Dutch legend Ruud Gullit is amazed at the rapid infrastructure progress being made in Qatar and has praised the country’s compact tournament plans for the 2022 FIFA World Cup™.
The former AC Milan star, who was in Doha working as a pundit for beIN SPORTS, recently met executives from the Supreme Committee for Delivery & Legacy (SC), the organisation responsible for delivering the infrastructure required for the 2022 FIFA World Cup™.
And after taking a tour of the SC’s Legacy Pavilion at Al Bidda Tower, the former Netherlands captain said he was amazed at the work being done to deliver the Arab world’s first FIFA World Cup™.
“Every time I visit Qatar I find something new,” said Gullit, who led the Netherlands to success at the 1988 UEFA European Championship.
“Even though I visit Doha on a regular basis, I see obvious progress every time. Look at the airport, hotels and Lusail City. It’s really amazing.”
Gullit, who represented the Netherlands at the 1990 FIFA World Cup™, also praised Qatar’s compact tournament plans. The maximum distance between stadiums will be just 55km in 2022, while fans will have the chance to attend more than one match per day during the early stages of the tournament.
“It will be a lot easier for the players as they will hardly have to travel at all,” said Gullit, who is now assistant manager of the Netherlands national team. “Also, the tournament being held in November and December means players will be at their physical best. I think a lot of stars will emerge.”
1987 Ballon d’Or winner Gullit continued: “The fans will also benefit from not having the hassle of moving a lot. From the hotel, to the metro, to the stadium, in half an hour. They will then be able to catch the metro at the end of the game to watch another match. This is a major strength and different to previous tournaments.”
Through regular visits to Qatar, Gullit understands the passion for football in the country and region.
“People love the game in this part of the world. I have met a lot of Arabs and I always feel their passion and love for football.”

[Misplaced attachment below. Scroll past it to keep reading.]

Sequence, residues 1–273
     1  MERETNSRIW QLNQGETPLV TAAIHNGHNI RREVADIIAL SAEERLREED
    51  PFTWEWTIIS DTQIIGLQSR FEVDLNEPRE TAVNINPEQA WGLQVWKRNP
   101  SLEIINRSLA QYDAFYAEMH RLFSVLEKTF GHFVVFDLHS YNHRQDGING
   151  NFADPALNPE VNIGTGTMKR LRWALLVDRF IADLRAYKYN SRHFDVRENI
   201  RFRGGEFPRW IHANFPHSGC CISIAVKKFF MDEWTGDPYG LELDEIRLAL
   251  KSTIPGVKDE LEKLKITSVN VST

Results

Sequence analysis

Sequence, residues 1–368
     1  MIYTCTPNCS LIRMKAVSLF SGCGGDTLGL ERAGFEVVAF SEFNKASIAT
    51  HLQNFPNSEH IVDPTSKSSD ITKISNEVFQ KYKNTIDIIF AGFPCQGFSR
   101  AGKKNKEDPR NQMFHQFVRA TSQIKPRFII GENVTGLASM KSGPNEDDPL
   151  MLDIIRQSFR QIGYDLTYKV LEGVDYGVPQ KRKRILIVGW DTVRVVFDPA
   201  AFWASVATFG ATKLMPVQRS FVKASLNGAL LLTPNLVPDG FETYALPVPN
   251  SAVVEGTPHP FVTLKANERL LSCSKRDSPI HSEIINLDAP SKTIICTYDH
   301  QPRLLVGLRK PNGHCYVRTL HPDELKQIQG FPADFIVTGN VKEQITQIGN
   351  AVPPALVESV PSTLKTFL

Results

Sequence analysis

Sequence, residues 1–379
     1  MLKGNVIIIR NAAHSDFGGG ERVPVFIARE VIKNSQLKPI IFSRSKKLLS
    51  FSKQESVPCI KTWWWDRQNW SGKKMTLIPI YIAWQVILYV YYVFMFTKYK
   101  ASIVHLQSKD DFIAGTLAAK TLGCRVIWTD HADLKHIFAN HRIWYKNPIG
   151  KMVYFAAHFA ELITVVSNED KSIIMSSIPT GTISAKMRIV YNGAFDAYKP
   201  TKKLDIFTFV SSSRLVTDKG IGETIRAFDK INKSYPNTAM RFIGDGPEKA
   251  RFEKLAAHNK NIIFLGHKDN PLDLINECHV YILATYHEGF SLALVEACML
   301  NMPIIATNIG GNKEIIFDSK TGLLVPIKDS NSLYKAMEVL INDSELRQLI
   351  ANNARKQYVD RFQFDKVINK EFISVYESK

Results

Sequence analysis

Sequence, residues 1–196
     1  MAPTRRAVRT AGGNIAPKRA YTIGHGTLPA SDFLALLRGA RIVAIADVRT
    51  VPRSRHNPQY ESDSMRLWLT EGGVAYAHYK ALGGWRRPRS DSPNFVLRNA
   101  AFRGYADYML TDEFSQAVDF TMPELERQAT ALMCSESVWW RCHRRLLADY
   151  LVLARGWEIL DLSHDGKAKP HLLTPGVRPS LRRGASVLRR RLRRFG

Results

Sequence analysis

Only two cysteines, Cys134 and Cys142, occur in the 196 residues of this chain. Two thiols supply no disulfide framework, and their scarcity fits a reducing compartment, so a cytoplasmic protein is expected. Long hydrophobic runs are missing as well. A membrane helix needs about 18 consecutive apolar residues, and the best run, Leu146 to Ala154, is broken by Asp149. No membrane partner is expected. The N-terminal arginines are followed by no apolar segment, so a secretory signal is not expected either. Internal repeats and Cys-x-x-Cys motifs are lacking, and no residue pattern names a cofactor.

Looking ahead to this summer’s tournament in Russia, Gullit is disappointed his home nation won’t be represented after failing to qualify for the finals for the first time since 2002. In their absence, Gullit is backing four nations to be among the contenders for the trophy.
“France and Germany both have a great chance, while Brazil will be seeking revenge after the embarrassment of 2014 when they lost heavily to Germany in the semi-finals. Spain also has the quality and ability to go far in the tournament.”
Gullit also advised Egyptian fans not to heap too much pressure on Mohamed Salah after his sterling debut campaign at Liverpool.
“He has to enjoy what he has achieved this season. He has been the best player in England but I want to watch him perform at the same level over the coming years,” said Gullit.
“Messi and Ronaldo have been doing this for quite a few years so Salah has to know that reaching the top is difficult but staying there is even harder. Things will be tougher for him at the World Cup and his country shouldn’t expect too much as it will become a burden on him.”
Gullit also mentioned next weekend’s UEFA Champions League final, which will be contested by Real Madrid and Liverpool. “Real Madrid have capitalised during the critical moments in recent matches,” said Gullit, who lifted the European Cup twice with AC Milan in 1989 and 1990.
“We saw what Real Madrid are made of in the quarter-final against Juventus and the semi-final against Bayern Munich. They have the tools to hurt teams but they also had a bit of luck. I always say the best coaches need a bit of luck – and Zinedine Zidane has been very successful and also lucky at times.”
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